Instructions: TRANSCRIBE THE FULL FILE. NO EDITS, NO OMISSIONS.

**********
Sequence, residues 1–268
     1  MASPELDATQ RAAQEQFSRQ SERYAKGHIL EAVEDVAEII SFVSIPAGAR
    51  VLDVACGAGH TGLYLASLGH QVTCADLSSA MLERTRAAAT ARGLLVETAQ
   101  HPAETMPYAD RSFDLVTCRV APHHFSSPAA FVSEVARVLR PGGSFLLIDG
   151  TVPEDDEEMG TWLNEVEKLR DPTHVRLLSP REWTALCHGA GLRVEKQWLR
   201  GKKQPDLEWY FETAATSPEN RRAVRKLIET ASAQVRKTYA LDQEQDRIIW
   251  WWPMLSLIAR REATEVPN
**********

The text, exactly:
Sequence, residues 1–268
     1  MASPELDATQ RAAQEQFSRQ SERYAKGHIL EAVEDVAEII SFVSIPAGAR
    51  VLDVACGAGH TGLYLASLGH QVTCADLSSA MLERTRAAAT ARGLLVETAQ
   101  HPAETMPYAD RSFDLVTCRV APHHFSSPAA FVSEVARVLR PGGSFLLIDG
   151  TVPEDDEEMG TWLNEVEKLR DPTHVRLLSP REWTALCHGA GLRVEKQWLR
   201  GKKQPDLEWY FETAATSPEN RRAVRKLIET ASAQVRKTYA LDQEQDRIIW
   251  WWPMLSLIAR REATEVPN